Yoga. An equal playing field.

 
 

First things first. You are perfect just as you are. Hold this thought. Whether you believe it or not is another story, but trust me when I say – loudly – “You Are Perfect!”

I’ve been chatting with a number of journalists lately about my reason behind opening a studio like Jessica Dewar Yoga. Why I made it a donation-based studio. There are many reasons why, reasons I will not go into here. But a primary reason comes down to accessibility for all.

Now, when we think of accessibility and a donation-based model, we tend to assume in monetary terms. But there is more to it than this. Accessibility, for me, refers to all people – regardless of;

  • Age
  • Religion
  • Social status
  • Socio economic status
  • Education
  • Health status
  • Experience / level of fitness
  • Race

Financial status is of course another factor, but to be clear, it is not the only one. There are many people who have approached me directly and explained how nervous they are about beginning yoga. They may have suffered an injury, believe they’re too inflexible or that they are disrespecting religious beliefs (among many other reasons).

The truth is – everyone can practice yoga. And it is never too late to start. I’ve worked with some very unwell people over the years, people from all walks of life, who have had to get up and keep going. Forced to work with the cards they’ve been dealt. I’ve seen the power of the human spirit bounce back when all odds were against them. Why? Because they knew they deserved better and that only they could change their situation – whatever it looked like for them.

The challenge, for us as teachers and studio owners, is to create a space where people feel safe to be vulnerable. A space where people can delve into the most confronting parts of self without fear of judgment.

It is not uncommon for students to speak privately with me and explain how nervous they are about beginning, or returning to, their journey with yoga. They share experiences where they’ve felt intimidated and inadequate. They fear old injuries. They worry about looking silly or uncoordinated.

If this is you, I can assure we’ve all be there. I began yoga out of pain and stress. Needing my partners help to get dressed at age 20 was ridiculous. So I too shared these same fears once upon a time. I didn’t want to be the only student in a class of 50 who couldn’t touch my toes. I had also, sadly, come to accept that I would live a life of pain. I worried I would make the already crippling pain worse. I wasn’t silly - I’d seen all those pictures of contorted bodies doing what the modern day practitioner considers to be yoga. But over the years, I came to realize the biggest fears were nothing to do with my physical body, my education or financial status. But rather, it was a fear of what I might bring up, emotionally, that worried me most. I’m not sure I was conscious of this at the time, but in retrospect it was certainly there.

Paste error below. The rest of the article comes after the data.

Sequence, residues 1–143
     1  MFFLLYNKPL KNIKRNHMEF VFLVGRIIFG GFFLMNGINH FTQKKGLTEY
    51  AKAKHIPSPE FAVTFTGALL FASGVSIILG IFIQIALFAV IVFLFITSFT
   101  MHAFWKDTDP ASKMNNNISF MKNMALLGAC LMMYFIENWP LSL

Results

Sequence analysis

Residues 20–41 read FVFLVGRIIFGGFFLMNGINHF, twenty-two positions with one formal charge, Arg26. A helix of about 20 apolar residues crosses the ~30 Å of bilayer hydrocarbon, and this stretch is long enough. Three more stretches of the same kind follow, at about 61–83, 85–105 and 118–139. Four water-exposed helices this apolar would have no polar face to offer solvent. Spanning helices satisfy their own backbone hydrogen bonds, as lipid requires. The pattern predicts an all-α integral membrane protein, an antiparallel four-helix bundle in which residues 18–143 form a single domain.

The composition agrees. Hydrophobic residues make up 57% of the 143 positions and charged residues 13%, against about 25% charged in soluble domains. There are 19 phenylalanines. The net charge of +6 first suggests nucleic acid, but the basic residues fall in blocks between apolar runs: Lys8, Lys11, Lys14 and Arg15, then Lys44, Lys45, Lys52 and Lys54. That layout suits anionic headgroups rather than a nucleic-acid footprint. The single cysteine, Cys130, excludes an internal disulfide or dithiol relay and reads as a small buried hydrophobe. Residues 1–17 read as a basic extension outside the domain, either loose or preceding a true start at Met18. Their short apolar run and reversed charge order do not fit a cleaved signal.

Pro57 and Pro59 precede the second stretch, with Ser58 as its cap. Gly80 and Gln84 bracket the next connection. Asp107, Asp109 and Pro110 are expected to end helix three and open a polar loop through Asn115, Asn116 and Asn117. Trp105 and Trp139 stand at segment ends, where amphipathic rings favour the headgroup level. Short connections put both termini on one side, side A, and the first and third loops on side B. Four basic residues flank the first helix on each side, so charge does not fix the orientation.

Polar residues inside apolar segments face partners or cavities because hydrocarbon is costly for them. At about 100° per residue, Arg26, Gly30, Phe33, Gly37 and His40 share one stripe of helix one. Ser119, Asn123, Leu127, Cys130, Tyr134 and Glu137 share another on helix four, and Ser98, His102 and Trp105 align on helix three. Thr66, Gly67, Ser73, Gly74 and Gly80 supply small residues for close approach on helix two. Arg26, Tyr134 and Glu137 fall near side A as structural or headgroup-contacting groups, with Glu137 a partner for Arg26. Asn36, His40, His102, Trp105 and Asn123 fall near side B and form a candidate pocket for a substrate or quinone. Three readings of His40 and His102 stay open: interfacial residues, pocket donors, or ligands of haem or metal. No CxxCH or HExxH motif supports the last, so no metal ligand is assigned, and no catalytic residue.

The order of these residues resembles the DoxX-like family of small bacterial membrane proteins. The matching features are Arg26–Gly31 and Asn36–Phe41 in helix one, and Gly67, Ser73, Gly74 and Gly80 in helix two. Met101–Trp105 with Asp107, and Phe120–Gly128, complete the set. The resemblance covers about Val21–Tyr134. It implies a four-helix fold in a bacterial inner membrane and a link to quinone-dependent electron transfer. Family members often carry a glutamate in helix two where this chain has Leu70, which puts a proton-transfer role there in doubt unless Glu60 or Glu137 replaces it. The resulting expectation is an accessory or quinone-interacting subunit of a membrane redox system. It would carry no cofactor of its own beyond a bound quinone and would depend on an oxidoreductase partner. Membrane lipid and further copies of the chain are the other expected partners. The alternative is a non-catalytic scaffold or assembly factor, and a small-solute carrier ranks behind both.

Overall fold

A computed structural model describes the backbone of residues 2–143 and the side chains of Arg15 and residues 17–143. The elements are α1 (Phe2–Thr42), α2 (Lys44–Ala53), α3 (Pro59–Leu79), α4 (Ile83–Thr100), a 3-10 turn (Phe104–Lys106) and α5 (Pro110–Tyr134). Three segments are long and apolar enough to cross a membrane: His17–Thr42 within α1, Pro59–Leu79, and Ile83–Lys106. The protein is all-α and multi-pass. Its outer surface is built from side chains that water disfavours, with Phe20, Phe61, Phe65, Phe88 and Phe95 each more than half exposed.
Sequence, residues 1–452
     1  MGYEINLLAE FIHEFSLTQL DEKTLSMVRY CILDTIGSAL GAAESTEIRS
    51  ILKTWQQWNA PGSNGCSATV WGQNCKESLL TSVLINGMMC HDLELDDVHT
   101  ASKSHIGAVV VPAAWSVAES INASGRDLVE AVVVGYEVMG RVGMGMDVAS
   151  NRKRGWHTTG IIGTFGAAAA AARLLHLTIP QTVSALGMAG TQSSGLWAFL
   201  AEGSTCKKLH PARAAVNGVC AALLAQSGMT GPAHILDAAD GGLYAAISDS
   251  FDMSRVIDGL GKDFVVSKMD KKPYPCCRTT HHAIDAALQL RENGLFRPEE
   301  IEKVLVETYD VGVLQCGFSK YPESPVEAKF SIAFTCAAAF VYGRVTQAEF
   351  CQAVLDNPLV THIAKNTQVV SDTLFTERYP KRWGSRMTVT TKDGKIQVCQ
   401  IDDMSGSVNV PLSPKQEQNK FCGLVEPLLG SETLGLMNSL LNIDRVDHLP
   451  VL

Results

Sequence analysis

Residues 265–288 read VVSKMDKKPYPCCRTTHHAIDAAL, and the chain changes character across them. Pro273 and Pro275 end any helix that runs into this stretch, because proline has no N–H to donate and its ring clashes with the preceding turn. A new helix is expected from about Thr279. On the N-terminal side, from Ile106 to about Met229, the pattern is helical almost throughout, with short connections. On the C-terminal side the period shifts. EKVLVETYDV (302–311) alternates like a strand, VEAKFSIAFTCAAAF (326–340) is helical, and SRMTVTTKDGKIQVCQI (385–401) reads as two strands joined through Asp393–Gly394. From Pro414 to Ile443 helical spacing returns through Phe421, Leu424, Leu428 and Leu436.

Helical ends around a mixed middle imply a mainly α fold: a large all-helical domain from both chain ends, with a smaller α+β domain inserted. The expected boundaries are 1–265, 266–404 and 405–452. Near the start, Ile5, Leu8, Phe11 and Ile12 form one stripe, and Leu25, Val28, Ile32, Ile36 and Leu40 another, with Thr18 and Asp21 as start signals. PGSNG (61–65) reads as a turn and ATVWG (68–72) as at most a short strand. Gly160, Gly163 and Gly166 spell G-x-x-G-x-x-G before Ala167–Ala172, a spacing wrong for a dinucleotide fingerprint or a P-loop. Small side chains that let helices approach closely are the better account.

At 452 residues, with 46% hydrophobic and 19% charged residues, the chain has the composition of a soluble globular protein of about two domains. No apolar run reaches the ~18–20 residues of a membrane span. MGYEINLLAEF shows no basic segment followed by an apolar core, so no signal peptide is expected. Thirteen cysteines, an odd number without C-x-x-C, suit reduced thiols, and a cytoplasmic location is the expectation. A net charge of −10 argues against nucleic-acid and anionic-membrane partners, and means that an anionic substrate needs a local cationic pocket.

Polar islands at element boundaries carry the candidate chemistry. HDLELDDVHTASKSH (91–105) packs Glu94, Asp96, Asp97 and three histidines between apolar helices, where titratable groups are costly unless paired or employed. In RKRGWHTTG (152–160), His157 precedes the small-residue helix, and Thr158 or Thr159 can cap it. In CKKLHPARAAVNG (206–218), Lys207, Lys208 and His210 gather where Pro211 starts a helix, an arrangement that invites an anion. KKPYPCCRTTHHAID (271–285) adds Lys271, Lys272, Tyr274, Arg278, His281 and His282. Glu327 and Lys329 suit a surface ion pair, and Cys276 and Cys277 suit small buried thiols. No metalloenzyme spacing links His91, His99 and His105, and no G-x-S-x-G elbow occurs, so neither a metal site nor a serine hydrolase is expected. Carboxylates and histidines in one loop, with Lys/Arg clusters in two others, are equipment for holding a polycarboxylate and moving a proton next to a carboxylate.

Growing up I was an insecure, introverted person. I lacked self worth, self-confidence and had very little faith in, well, me. But despite all of this, I was never a quitter – on myself I mean. I knew I needed to try. A stubborn pain in the butt (my partner will attest to this), I wanted to challenge my self-limiting beliefs. And so I did. In all areas of my life. And you know what, this has been the craziest bloody ride of my life! I like to call this chapter – “Being Human.”

I’ve fallen countless times over the years. Physically and emotionally. I believe this is mostly because I’m a type A overachiever who places WAY too much pressure on myself to always do my best. Thank fully, yoga, on the flip side, has been very humbling for me. It’s forced me to accept that I, my life, can never be perfect. That I need to be patient. That I need to respect myself enough to take the time to care for and nurture my body and mind.  To look at my physical and emotional pain as positives, as learning, rather than limitation and weakness. 

I’ve hurt myself and I’ve experienced incredible highs. I’ve cried, laughed, slept, panicked, ached and cried again – both on and off the mat. Why? Because yoga forces us to be vulnerable. The fact is, yoga offers an equal playing field. And it is completely irrelevant what we do for a living, who our family is or what car we drive. We are all human beings and in the end all yoga really is, is the art of expressing the human body and mind.

The hardest decision a person will make with their practice is to start.

So I urge you – if yoga is something you’ve been nervous about trying for one reason or another, something you keep putting off, challenge yourself. Begin your journey. Yes, it will be uncomfortable. Yes, it will be tough. But oh my God can it change your life. Just wait and see.

Sending huge hugs,

Jessica xx